Engineered Eloquence was born out of the link list boom. I had a Tumblr space back then and Tumblr’s main purpose was sharing other, more important people’s content. Daring Fireball was the gold standard of link lists and every tech person who enjoyed writing wanted to be like John Gruber (to some extent). Tumblr became a stepping stone that provided me a way to use my tech knowledge and launch multiple incarnations of this site over time, including a move to Github Pages (where I learned some Ruby coding and the Jekyll blogging engine) and finally Blot (where I met Nash). Time and time again, I have focused more on the outlet itself than the content, even though the original reason I got into blogging was sharing interesting things and writing down my thoughts.
The problem as I see it now, however, is that in order to share interesting things, you must seek out interesting things. I am reading all the time, but not always on the internet and not normally the easily-distilled. Right now, I am in the midst of four books, none of which I can take snippets from to blockquote. In addition, as I work to whittle down my technology use in my personal life, I have struggled with the balance between sharing and internalizing. And finally, in my desire to become more focused and minimalistic, I have started to see more of the tech blogging echo chamber as trivial. This last point is important because I would historically consider myself a tech blogger.
I shared recently some numbers from my Instapaper queue. I have been reading and archiving with abandon to get those numbers down to manageable levels. Eventually, I hope to have zero articles saved in read-later services and focus on only those articles I intend to read. However, that points to the larger point of sharing these ideas out in the open: once my read-later queue is gone, I will move on to the next area that needs decluttering, and then the next area.
All along the way, I will be sharing numbers where appropriate or anecdotes about the experience. My link-list-turned-blog doesn’t have to be about sharing other people’s work when I have my own to share. I have an adage I use in a lot of situations that goes something like this: “I go to conferences, but they are only worth it if I am actively participating.” Put another way, I am beginning to be more particular about how I spend my time and energy because doing something for the sake of doing it becomes a lot less interesting when you could be… (insert thing that actually brings you joy here).
The key to this whole discussion though is the understanding that I am doing something diametrically opposed to what I am expected to do as a technologist. I am expected to be interested in the new products announced by that major corporation; I am expected to have my finger on the pulse of every startup company in existence; I am expected to spend my nights binge-watching every episode of that streaming TV show. I am expected to always have a screen within arms reach if not already in my hand. If the best camera is the one you have with you, my wife’s best camera is often, “can I have your phone for a minute?”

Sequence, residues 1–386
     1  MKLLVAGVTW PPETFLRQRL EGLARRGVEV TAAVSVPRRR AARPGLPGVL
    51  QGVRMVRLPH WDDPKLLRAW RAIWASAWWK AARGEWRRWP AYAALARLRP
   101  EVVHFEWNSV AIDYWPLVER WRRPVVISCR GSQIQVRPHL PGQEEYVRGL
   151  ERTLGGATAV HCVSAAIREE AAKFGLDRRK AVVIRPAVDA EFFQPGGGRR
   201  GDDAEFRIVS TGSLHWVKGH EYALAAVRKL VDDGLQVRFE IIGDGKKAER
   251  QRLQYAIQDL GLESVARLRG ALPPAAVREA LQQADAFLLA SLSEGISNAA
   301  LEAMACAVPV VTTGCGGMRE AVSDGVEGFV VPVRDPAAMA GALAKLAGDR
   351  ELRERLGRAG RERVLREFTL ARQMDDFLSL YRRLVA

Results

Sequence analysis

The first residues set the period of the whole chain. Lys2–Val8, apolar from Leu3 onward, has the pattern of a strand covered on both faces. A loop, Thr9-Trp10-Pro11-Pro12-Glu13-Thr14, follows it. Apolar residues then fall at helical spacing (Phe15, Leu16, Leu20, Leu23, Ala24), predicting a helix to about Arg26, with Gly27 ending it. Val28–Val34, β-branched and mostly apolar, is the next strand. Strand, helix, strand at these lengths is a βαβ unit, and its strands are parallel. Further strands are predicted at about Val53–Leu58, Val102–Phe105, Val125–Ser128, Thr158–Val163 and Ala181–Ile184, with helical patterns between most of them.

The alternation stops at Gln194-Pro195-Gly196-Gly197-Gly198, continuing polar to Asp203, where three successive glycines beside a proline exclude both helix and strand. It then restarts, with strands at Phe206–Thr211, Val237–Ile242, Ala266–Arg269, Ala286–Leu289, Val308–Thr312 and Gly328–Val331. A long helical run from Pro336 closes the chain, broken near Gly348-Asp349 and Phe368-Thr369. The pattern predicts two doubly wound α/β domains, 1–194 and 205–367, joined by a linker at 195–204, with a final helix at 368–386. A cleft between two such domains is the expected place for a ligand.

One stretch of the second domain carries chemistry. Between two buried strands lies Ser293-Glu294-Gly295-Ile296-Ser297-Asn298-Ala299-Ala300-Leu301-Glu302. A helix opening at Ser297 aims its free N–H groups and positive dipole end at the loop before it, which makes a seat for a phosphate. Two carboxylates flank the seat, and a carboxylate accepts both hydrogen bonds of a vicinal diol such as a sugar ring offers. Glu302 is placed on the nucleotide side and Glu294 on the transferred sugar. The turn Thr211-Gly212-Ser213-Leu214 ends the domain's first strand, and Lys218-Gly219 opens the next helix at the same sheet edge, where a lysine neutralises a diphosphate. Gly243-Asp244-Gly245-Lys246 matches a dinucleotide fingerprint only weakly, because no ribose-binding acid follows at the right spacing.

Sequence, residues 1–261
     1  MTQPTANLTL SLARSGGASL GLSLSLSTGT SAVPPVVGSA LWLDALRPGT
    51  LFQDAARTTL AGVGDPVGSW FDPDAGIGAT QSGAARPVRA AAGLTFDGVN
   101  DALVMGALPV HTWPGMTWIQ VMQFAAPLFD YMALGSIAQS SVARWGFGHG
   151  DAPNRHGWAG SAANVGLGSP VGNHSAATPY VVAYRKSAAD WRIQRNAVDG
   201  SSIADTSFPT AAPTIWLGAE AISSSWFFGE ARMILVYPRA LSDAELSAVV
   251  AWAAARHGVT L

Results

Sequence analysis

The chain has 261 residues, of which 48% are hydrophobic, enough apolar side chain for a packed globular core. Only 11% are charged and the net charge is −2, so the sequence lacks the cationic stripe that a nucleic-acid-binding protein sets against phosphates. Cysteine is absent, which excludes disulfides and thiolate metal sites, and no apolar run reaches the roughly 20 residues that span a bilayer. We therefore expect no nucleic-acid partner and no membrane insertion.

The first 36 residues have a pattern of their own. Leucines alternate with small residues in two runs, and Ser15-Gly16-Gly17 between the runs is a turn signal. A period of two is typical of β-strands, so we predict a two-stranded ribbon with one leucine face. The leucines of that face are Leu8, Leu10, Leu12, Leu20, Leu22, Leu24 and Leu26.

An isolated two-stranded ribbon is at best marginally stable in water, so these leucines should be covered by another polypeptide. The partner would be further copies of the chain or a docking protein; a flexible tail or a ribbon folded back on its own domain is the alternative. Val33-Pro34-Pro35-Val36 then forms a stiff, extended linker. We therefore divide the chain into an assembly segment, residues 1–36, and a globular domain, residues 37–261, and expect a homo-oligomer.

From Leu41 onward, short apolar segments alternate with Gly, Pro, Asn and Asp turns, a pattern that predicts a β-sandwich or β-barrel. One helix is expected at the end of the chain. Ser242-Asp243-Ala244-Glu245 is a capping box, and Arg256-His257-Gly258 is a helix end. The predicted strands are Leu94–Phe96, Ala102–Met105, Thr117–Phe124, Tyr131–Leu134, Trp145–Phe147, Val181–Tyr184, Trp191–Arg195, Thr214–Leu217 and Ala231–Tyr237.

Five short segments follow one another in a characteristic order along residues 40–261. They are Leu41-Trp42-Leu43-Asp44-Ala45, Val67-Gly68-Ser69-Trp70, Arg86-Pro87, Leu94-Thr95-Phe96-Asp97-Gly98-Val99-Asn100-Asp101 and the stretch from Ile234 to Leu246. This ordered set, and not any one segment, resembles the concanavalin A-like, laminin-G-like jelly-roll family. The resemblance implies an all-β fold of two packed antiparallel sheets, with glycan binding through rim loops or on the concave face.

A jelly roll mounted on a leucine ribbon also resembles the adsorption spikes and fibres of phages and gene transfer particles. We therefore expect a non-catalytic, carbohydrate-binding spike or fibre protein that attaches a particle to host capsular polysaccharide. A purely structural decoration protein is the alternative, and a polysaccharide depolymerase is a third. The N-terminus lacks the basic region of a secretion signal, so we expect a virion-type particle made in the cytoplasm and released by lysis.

On the contrary, I am actively attempting to remove the technological clutter from my life. And to bring this back around to the start: if I am attempting to declutter my own interaction with technology, why would I force more of the same shared information into other’s feeds? They have Daring Fireball for that.
As a final note, in going through my Instapaper queue as I mentioned above, I have stumbled on some gems; this one is from Shawn Blanc that fits with the theme:
Reduce the amount of “novel stimuli” that you let in to your day-to-day life. When you have a strong baseline level of noise in all the little moments of your life, it makes it more difficult to focus on the task at hand when you’re doing deep work. Because you’re training your brain that boredom is bad.
Also, check out Cal Newport’s post on digital minimalism from two years ago, almost to the day. And finally, as a counterpoint to some forms of the minimalist movement, July 2016’s New York Times article, “The Oppressive Gospel of ‘Minimalism’”, which is just fantastic.
Did the Internet community peak at bookmarks? Asked in a different and perhaps more complete way: just as technologies like RSS and email in their purest forms are hard to beat even as technology marches forward, what better technology exists to keep track of information on the ever-expanding Internet than bookmarks? Taken a step further, what better way to share the bookmarked information than a site of your own? As such, I‘ve been reading, which is why I write now.
Working in and having a passion for libraries, I am struck by the fact that the way bookmarks work in the physical world is not directly analogous to bookmarks in the digital world. Bookmarks in the digital world are instead like dog-eared pages or highlighted passages; if you think of the Internet as a single tome, that is. In any case, anything that moves you to deface a book should probably be shared or become immortalized in some other way than just a reference for a future version of yourself.